To reduce the risk of fingerprinting, Google plans to limit the list proposed to around 350 topics.
What you need to know
- Google has given up on the Federated Learning of Cohorts (FLoC).
- The search giant has now proposed the Topics API as a replacement for third-party cookies.
- Google claims the Topics API will take user privacy a “step forward,” while ensuring advertisers receive enough relevant information.
Back in August 2019, Google introduced a new initiative called Privacy Sandbox to enhance privacy for users on the web. As part of the initiative, Google plans to eliminate third-party cookies completely and replace them with first-party alternatives.
While Google proposed Federated Learning of Cohorts (FLoC) as an alternative to third-party cookies last year, it has now announced a new Privacy Sandbox proposal informed by its “learning and widespread community feedback from earlier FLoC trials.”
Topics, which is the search giant’s new Privacy Sandbox proposal, will replace its FLoC proposal. The Topics API will allow your browser to determine a few topics that represent your top interests for that week, based on your browsing history.
Google says topics are stored for only three weeks, and old topics are deleted. What’s more, topics will be selected by the browser entirely on your device. No external servers will be involved. Google is expected to share the full list of available topics publicly sometime later this year.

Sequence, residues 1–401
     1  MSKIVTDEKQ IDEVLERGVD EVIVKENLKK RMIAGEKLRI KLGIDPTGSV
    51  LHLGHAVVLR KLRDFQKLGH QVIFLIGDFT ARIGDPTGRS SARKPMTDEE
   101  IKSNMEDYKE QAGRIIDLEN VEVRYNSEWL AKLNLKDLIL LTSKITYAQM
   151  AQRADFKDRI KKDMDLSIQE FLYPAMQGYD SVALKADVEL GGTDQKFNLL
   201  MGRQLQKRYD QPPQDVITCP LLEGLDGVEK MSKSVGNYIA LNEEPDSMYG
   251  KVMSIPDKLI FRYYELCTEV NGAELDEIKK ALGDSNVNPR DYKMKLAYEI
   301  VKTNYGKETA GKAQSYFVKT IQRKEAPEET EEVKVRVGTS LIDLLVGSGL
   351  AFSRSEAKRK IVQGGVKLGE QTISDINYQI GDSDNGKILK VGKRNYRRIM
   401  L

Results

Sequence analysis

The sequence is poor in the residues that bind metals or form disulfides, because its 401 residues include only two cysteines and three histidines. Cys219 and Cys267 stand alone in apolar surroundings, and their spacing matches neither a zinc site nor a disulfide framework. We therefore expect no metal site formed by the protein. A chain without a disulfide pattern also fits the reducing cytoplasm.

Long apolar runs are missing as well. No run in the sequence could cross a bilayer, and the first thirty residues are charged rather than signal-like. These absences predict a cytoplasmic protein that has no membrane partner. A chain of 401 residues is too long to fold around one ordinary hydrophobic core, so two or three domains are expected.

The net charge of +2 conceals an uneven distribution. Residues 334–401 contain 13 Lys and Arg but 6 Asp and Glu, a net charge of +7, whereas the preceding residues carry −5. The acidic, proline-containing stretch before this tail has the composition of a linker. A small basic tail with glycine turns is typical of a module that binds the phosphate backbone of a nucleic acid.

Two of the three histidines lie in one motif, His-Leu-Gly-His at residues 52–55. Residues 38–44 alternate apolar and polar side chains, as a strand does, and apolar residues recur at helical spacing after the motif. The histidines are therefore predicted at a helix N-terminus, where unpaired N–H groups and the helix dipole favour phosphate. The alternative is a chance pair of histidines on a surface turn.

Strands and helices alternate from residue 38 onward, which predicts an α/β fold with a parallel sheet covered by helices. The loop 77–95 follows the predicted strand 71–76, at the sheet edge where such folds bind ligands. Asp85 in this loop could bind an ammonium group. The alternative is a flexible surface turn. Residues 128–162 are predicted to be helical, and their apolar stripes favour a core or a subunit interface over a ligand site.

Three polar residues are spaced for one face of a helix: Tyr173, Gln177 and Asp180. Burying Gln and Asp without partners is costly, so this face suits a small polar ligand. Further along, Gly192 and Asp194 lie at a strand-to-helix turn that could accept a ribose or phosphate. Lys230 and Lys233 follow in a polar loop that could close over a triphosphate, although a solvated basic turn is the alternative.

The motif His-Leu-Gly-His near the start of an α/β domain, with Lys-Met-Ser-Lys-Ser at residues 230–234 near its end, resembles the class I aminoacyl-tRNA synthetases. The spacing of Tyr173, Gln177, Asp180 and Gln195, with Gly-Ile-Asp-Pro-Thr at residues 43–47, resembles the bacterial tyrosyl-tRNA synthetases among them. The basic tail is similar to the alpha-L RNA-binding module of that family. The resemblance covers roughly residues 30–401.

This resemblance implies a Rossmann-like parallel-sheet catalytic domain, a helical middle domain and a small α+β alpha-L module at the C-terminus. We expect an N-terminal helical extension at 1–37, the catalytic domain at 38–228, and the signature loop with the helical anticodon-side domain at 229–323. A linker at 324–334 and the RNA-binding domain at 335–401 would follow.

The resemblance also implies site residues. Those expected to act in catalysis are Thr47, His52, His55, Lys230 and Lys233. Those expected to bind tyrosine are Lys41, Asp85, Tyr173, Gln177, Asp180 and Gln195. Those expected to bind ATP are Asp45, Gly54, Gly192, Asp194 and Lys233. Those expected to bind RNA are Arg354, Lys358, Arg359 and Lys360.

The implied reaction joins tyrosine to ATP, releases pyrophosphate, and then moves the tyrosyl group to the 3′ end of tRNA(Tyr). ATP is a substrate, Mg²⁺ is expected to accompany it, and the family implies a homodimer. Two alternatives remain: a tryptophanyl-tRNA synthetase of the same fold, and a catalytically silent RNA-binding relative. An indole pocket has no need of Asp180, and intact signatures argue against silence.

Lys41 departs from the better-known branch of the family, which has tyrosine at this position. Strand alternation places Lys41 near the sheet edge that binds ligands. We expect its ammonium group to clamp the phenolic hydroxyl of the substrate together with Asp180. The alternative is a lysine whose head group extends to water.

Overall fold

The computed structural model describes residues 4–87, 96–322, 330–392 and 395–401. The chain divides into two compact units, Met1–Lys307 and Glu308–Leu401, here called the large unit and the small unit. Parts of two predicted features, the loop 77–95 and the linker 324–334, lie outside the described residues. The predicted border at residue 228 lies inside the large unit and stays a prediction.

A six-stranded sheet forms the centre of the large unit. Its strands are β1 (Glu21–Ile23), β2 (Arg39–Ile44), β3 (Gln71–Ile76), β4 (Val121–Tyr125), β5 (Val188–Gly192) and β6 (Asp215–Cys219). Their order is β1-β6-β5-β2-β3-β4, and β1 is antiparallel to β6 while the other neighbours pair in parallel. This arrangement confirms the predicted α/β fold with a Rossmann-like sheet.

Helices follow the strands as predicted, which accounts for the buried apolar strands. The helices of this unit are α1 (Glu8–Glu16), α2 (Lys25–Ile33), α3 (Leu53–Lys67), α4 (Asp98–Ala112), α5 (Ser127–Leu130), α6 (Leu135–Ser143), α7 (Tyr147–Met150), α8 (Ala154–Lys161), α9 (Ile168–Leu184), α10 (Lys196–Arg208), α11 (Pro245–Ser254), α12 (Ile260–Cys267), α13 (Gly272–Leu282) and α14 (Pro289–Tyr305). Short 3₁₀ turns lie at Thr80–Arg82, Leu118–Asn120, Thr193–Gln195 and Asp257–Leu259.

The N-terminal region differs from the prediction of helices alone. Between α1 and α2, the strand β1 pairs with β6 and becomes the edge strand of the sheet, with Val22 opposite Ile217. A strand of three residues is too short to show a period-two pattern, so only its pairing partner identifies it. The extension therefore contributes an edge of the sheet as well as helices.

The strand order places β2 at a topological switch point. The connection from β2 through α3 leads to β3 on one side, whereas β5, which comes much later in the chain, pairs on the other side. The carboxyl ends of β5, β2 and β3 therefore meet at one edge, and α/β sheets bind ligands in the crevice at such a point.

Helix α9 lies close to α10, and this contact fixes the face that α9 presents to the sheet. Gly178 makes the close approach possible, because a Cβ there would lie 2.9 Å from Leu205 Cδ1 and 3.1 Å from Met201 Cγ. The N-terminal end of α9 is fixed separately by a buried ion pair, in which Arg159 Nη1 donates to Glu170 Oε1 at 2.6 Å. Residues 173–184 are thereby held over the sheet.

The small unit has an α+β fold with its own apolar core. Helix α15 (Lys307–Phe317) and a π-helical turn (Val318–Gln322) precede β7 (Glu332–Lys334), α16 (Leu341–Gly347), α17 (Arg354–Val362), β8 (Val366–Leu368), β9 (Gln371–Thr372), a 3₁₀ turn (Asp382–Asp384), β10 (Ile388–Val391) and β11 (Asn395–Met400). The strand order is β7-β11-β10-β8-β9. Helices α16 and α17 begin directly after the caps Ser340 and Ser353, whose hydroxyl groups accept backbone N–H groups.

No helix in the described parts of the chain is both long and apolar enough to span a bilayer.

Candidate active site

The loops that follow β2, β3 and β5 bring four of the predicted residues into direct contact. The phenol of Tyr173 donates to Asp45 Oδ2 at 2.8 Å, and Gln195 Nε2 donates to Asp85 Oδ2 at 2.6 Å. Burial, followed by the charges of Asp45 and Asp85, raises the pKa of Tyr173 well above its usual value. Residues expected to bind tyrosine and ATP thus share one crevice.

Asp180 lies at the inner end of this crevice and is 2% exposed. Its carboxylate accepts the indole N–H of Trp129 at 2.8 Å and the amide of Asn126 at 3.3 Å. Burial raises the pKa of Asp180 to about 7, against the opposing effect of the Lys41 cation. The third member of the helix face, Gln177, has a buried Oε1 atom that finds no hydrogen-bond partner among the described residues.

When a user visits a participating site, Topics will pick three topics to share with the site and its advertising partners. Google is also building user controls that will allow you to see the topics and remove any that you don’t want to be selected. You will even be able to disable the feature completely.
Google also notes that topics are “thoughtfully curated to exclude sensitive categories, such as gender, sexual orientation, or race.” Since Topics is browser-powered, it gives you much greater control over how websites share your data with advertisers.
Google is set to kill third-party cookies in Chrome sometime in 2023. While Topics does sound like a solid alternative to cookies, it remains to be seen if it will be accepted by the best Chrome alternatives such as Firefox and Microsoft Edge.